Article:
By mid-1995, the time the Sega executives realized their blunder, it was too late. Developers and licensees had abandoned this console in favour of what they perceived to be a true 32-bit console, the Sega Saturn. Even though the 32X was a 32-bit system, the games did not appear to take full advantage of 32 bit processing; many games were rushed and produced in 2D. Many were just slightly-enhanced ports of Genesis or old arcade games such as Space Harrier. In reality, as stated by Steve Snake, creator of NBA Jam, NBA Jam T.E. and Mortal Kombat II were seriously pushing the console even though they looked like minor enhancements. He cites that people were expecting far too much from it, and over-hyping from magazines had helped to hurt it.
Due to successful marketing, customers perceived the Sega Saturn, Nintendo 64, and the Sony PlayStation as the true next-generation consoles, due to their rich launch titles and 3D graphics. Also, customers perceived that Sega abandoned the 32X despite promises to the contrary, due to the launch of the Saturn.
Console makers, prior to the launch of PlayStation 2, would often abandon platforms and offer no backwards compatibility with older systems. For this reason, Sega's 32X customers felt cheated because of the apparent lower quality of the games, and the inevitability of obsolescence.
Store shelves became littered with unwanted Sega 32X systems, and prices for a new one dropped as low as $19.95. (Some have claimed that video game exchange stores became so filled with 32X systems, the stores refused to accept the console--even at no cost.) Sega planned a console named the Sega Neptune, which would have been a Mega Drive/Genesis and 32X in one. However, by the time a prototype was developed, the Sega Saturn was going to be released, and Sega canceled the Neptune.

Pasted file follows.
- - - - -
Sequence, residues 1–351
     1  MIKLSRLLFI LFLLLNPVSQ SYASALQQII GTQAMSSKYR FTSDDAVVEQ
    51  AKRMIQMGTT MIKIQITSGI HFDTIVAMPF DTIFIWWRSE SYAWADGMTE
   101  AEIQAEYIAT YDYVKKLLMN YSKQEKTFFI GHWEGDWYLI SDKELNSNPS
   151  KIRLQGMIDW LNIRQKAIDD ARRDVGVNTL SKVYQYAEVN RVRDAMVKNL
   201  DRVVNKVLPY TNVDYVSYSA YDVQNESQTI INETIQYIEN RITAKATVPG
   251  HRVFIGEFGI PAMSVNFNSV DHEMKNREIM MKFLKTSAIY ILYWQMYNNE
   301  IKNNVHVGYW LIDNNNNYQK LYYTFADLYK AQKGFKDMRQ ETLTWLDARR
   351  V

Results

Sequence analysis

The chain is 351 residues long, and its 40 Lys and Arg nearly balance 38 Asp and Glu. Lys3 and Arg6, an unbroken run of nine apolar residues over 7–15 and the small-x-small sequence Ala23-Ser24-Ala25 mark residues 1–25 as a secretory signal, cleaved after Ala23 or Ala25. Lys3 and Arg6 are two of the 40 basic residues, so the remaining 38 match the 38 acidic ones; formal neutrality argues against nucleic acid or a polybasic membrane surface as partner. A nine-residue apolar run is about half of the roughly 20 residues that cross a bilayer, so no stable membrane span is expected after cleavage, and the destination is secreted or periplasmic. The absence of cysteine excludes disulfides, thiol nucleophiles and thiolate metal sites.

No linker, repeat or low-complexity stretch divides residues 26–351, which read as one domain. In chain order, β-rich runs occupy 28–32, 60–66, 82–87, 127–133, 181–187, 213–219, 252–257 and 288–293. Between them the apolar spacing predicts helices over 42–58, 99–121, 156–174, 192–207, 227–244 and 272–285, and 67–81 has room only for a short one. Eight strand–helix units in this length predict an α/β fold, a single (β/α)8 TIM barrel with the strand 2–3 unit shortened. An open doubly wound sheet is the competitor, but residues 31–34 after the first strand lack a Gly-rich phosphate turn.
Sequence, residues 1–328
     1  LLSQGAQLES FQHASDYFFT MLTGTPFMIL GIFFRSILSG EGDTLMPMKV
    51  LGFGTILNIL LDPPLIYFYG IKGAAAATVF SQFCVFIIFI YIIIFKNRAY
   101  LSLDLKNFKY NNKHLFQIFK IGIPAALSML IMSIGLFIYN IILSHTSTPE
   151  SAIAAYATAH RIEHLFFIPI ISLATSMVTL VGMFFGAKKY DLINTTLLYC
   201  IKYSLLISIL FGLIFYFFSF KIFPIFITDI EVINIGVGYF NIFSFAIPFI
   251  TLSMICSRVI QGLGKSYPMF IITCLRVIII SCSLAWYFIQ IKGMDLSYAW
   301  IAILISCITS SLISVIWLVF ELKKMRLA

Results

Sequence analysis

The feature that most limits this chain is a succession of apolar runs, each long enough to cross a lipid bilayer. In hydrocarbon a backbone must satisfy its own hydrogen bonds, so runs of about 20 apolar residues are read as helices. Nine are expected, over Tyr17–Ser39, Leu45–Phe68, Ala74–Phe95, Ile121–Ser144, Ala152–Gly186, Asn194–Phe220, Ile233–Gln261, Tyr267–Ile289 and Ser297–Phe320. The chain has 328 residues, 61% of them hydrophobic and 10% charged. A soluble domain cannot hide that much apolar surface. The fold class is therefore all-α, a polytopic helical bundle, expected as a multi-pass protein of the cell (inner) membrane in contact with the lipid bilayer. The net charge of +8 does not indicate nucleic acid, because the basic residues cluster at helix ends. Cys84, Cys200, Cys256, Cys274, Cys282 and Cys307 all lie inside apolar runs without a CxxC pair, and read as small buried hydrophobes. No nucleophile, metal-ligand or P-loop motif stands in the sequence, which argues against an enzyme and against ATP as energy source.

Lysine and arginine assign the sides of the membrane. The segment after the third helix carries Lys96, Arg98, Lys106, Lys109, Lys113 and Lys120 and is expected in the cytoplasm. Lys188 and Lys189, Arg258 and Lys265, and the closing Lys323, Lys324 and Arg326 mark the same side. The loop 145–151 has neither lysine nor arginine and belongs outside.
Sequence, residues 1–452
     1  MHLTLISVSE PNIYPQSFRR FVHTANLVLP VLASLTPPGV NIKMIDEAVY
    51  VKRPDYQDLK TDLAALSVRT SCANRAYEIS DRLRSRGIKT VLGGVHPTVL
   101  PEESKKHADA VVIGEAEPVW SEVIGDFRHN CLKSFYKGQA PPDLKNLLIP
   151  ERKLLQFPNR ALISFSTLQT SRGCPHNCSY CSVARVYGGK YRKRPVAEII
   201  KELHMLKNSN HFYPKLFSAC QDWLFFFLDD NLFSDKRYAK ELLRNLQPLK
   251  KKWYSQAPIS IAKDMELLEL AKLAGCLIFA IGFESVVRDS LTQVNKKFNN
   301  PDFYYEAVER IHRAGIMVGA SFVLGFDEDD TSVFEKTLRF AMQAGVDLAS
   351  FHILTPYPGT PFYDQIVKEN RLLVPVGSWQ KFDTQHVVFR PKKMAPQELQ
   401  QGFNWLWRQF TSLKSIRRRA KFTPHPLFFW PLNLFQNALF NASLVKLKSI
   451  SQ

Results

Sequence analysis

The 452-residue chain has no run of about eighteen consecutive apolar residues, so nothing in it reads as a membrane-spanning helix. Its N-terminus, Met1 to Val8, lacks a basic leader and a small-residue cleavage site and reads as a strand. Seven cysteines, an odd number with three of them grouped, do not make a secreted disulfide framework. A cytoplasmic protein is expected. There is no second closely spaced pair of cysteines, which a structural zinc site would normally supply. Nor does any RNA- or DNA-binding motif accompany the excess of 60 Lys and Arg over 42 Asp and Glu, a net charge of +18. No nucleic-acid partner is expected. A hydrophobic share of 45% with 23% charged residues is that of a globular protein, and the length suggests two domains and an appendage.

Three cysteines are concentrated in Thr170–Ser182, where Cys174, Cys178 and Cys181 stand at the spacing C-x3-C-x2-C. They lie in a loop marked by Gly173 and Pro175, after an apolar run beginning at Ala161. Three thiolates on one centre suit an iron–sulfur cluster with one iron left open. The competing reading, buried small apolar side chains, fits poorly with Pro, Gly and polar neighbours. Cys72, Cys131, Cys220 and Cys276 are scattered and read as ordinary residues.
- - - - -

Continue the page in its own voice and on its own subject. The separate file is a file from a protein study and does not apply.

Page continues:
The last game made for the 32X in the US was Spider-Man: Web of Fire (1996). The last ever 32X game was Darxide, which had been intended by Frontier Developments to be a launch title for the ill-fated Neptune. Both these games now command a high value from collectors — but especially Darxide (up to $1000) due to its scarcity, reputation and auspicious creator (David Braben, co-writer of the groundbreaking game Elite). Nevertheless, it is exceeded in rarity by the European PAL versions of the games Primal Rage and T-Mek. For obscure reasons a mere handful of copies of these games are known to be in circulation - with T-Mek being so scarce that until a copy surfaced on eBay in late 2005, it was widely held that the PAL release was only a rumour. The appearance of a copy has fuelled speculation that other rumoured but unconfirmed PAL games may also exist, in particular BC Racers.